Friday, July 27, 2018

Plant Propagation – You will learn a lot about gardening, plants, and your own disposition.

Making cuttings --  the fastest way to get a mature plant.  The ideal time to do this is in the spring and summer when plants are actively growing, although it’s not impossible to do in winter, if you want to use “woody” cuttings.  Also, the easiest part of a plant to start cuttings from is the actively growing upper part, rather than the mature (woody) base.
The First, Second, Third and Fourth parts of growing from cuttings is very much the same as those parts we discussed last month for seedlings.  Prepare your pots, paying attention to soil texture, nutrient levels, and mold.  You will want to prepare and have ready, containers to receive cuttings before you actually cut, --  the cuttings need to have a clean, fresh cut which can absorb nutrients and water.  Just a note about putting cuttings in water rather than soil . . . roots developed in water are not the same as roots developed in soil, so if you start out in water, the cutting will have to start all over again after you transfer it to soil.  (I know, . . . I didn’t believe it either until I extensively, and skeptically researched it.)
Fifth, when you make cuttings, be sure that you a stem long enough to include “leaf nodes” which should be buried beneath the soil – this is where roots begin.  Also, strip all the leaves except for a very few at the top.  This cuts down on a now rootless plant trying to support big leaf structures. 
Sixth, cultivate extreme patience !!!  It may take weeks for roots to develop, and you don’t want to disturb this growing environment until there is an abundance of roots. To test whether roots are being formed, give your cutting a slight tug – if there is resistance, it tells you that roots are holding the plant.  At that point, you can pop the cutting out of its pot and check to see if there is a whole network of white hair-like roots.
Seventh, it is probably too soon to plant directly into the soil, so transplant to a larger pot and give your new plant some more light and back off on the moisture.  By poking your finger into the soil, you should be able to see if its dry down about an inch – then it’s time to water.
Last Step is to transfer your healthy plant to its final destination.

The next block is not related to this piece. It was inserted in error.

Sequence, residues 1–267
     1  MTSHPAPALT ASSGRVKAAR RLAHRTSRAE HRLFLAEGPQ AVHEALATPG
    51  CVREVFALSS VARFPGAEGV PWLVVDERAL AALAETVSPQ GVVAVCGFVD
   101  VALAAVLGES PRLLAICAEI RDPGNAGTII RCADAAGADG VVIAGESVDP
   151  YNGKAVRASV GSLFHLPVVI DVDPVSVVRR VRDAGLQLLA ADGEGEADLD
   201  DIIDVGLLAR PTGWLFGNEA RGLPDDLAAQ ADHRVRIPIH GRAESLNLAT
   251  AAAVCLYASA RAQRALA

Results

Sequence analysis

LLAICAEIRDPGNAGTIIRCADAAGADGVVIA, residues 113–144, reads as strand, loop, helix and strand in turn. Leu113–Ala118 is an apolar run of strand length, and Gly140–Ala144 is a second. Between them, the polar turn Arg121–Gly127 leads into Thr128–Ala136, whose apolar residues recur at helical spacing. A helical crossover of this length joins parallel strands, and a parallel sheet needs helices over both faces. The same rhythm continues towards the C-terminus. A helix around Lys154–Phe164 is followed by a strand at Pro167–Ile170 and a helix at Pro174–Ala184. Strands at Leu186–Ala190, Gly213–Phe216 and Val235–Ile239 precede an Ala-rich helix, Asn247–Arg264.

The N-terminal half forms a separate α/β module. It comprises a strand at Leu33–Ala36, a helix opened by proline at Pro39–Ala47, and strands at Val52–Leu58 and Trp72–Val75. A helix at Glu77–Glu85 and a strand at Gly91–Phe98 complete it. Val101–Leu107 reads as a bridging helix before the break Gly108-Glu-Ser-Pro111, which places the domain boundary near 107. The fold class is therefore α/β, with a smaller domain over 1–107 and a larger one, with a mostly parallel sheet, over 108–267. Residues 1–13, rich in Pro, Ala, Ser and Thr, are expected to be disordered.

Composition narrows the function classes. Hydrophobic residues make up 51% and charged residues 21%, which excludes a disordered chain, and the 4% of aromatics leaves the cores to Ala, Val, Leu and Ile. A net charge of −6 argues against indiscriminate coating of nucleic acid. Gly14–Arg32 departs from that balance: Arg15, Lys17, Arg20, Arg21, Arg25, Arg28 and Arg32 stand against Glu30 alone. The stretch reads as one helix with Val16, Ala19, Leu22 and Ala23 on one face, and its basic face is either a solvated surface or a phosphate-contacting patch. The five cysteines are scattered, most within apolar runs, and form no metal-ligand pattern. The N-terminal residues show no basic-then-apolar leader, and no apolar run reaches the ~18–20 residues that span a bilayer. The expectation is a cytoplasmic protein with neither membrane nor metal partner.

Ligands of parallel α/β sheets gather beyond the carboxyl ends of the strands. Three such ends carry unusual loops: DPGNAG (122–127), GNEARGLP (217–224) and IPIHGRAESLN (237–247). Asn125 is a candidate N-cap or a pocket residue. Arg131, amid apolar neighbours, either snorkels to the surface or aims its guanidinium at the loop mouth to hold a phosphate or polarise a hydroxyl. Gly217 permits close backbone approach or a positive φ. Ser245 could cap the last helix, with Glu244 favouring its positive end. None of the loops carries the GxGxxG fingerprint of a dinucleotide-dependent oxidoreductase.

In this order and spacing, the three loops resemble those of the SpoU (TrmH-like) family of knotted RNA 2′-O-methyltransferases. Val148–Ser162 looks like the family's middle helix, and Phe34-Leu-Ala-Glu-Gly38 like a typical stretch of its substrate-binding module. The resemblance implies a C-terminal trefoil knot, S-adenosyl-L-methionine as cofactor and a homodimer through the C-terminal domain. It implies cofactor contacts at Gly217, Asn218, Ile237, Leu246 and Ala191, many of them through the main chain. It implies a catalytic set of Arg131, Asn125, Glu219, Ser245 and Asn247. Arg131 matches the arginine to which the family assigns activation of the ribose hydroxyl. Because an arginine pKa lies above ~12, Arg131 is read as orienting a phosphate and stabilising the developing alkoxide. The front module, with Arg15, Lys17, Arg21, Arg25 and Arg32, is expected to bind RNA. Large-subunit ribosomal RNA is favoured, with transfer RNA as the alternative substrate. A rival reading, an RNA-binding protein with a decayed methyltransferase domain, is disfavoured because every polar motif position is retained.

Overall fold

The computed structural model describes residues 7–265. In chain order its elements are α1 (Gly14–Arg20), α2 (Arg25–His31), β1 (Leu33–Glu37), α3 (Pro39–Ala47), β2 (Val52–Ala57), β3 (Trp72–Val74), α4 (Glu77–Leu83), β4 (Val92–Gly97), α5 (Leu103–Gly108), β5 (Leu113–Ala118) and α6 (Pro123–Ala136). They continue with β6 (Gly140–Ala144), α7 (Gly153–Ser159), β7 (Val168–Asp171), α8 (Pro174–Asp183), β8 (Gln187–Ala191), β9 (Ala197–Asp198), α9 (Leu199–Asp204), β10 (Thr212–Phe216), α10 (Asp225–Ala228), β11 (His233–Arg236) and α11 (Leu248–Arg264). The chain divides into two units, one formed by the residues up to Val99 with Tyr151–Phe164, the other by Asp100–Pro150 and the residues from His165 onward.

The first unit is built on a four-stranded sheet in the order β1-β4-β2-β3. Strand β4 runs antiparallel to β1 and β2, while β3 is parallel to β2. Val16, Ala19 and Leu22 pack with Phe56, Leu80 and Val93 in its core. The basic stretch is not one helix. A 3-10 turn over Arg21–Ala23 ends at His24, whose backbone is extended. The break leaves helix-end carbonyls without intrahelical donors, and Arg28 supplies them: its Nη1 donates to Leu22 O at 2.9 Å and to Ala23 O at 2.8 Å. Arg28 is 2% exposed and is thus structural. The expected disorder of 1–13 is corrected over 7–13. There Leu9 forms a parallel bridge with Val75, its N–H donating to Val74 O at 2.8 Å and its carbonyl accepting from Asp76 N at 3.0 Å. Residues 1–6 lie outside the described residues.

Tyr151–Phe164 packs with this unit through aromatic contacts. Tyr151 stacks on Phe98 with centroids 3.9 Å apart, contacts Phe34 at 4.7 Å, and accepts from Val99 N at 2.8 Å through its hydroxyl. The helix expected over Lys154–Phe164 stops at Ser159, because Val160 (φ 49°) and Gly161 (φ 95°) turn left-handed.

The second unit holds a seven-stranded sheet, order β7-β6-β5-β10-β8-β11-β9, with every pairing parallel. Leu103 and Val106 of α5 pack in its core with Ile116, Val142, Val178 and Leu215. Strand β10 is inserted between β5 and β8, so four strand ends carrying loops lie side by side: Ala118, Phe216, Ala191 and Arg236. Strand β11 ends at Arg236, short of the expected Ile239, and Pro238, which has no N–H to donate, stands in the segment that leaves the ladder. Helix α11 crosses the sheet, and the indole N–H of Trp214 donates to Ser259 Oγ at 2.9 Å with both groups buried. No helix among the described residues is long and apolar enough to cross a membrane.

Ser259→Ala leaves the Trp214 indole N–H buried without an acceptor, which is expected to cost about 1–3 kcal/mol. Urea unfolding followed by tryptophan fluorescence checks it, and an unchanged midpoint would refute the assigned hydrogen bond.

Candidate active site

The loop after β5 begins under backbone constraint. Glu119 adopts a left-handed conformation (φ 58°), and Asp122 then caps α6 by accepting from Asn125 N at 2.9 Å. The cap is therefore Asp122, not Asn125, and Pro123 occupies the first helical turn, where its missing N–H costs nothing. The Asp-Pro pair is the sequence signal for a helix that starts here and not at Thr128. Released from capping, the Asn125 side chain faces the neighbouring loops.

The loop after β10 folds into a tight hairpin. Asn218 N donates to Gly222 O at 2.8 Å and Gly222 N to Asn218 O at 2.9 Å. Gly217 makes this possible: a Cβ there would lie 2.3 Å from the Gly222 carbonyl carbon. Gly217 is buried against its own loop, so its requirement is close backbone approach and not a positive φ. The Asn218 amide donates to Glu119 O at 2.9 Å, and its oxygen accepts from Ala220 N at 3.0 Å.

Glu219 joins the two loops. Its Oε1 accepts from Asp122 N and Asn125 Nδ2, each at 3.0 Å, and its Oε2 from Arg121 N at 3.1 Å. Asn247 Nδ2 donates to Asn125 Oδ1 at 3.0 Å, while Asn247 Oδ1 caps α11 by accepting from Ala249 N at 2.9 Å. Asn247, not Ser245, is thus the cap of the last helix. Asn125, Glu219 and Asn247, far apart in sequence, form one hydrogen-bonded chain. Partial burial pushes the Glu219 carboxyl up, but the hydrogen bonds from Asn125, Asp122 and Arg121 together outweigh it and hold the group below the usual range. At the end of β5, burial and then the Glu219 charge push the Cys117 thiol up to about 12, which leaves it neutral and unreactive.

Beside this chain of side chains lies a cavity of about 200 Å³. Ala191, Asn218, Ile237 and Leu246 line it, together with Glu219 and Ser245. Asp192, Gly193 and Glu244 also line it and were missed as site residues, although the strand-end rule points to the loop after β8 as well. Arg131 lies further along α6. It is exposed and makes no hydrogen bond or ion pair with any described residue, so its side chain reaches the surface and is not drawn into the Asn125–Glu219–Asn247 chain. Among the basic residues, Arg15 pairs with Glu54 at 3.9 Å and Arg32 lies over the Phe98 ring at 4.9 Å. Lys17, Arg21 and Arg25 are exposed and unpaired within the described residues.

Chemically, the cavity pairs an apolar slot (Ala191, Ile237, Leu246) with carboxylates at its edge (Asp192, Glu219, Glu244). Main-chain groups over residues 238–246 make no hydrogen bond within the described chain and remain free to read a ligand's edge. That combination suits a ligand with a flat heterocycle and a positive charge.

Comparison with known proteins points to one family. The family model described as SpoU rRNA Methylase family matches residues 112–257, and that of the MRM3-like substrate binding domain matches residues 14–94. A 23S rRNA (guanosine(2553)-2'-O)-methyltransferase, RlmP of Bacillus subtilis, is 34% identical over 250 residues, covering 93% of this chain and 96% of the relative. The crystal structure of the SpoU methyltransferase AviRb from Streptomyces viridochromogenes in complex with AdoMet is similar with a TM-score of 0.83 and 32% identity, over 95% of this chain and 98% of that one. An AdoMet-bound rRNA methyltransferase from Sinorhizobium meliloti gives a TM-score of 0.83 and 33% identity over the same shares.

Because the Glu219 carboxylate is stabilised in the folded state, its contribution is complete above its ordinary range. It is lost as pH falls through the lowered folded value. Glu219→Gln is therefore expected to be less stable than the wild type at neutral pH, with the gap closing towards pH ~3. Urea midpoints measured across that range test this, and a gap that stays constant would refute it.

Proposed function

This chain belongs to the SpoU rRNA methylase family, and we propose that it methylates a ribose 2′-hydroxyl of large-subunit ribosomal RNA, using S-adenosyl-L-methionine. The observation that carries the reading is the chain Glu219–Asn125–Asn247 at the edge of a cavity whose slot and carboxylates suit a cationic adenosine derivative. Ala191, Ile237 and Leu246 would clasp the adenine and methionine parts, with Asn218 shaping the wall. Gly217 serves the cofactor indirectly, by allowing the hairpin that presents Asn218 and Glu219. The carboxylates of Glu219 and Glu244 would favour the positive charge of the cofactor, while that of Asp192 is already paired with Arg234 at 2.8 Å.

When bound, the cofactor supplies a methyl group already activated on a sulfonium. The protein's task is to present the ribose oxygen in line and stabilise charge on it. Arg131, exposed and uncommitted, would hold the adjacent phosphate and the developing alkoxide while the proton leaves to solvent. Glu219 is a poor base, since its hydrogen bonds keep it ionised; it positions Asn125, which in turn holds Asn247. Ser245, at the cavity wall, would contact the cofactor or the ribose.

Another adaptation to this method is what I call the “brick method” . . . bend down a stem until you can bury it in the ground (but still keeping it attached to the mother plant).  Scape the stem as before, bury it, place a heavy weight on top and declare that weight to be off limits to everybody.  Go off and leave the plant for a couple of months.  When it is firmly attached to the ground, cut it from its mother and transplant it to its preferred destination.  This is my favorite means of propagation !!

Submitted by -

Martha Dysart

Sunday, July 8, 2018

Master Gardeners Appreciation Celebration for Terry Del Valle

Terry Del Valle, Horticulture Extension Agent at UF/IFAS Duval County Extension, was honored by the Master Gardeners of the Mandarin Demonstration Gardens and Heritage Gardens, at Mandarin Garden Club on June 20, 2018. Terry has served in this position for 35 years and is retiring in November. She has given 30 years of dedication and support by providing Master Gardener Volunteers to maintain the demonstration Gardens for Duval County.

Terry was presented with a plaque honoring her years of service and work with the Master Gardeners of Duval County. A plaque celebrating her work with Mandarin Garden Club and the Demonstration Gardens has been placed in the club’s Native Garden (the front garden.) Good food, beautiful flowers, a lovely cake and much fellowship was enjoyed by all who attended the celebration.
In 1988 Mary Howe, a garden club member and Master Gardener, suggested the club invite The Duval County Extension Office to use the Club’s grounds as demonstration gardens. Thus, begin the partnership between Mandarin Garden Club and Terry Del Valle for the next thirty years.
The Master Gardeners work in the demonstration gardens twice a month (and sometimes more often.) By working in the gardens, the Master Gardeners learn which plants grow best in our soil and weather. How to combat harmful insects and how much water is really needed. They can then pass this knowledge and expertise along to the community.
The celebration for Terry was a special way for the Master Gardeners to honor her and her work. The plaque erected in the Native Garden not only honors Terry but all the Master Gardeners who have worked under Terry for 35 years.
Terry is looking forward to retirement, but she also expressed to me “she hopes she can find enough things to do to keep her busy.” I bet she finds her way back to Mandarin Garden Club and the Heritage Gardens after some relaxation time.
You will be missed Terry! But your legacy of work will go on for years to come.

Pictures courtesy of - Candace Barone and Deb Campbell

Article submitted by Betty Waldrep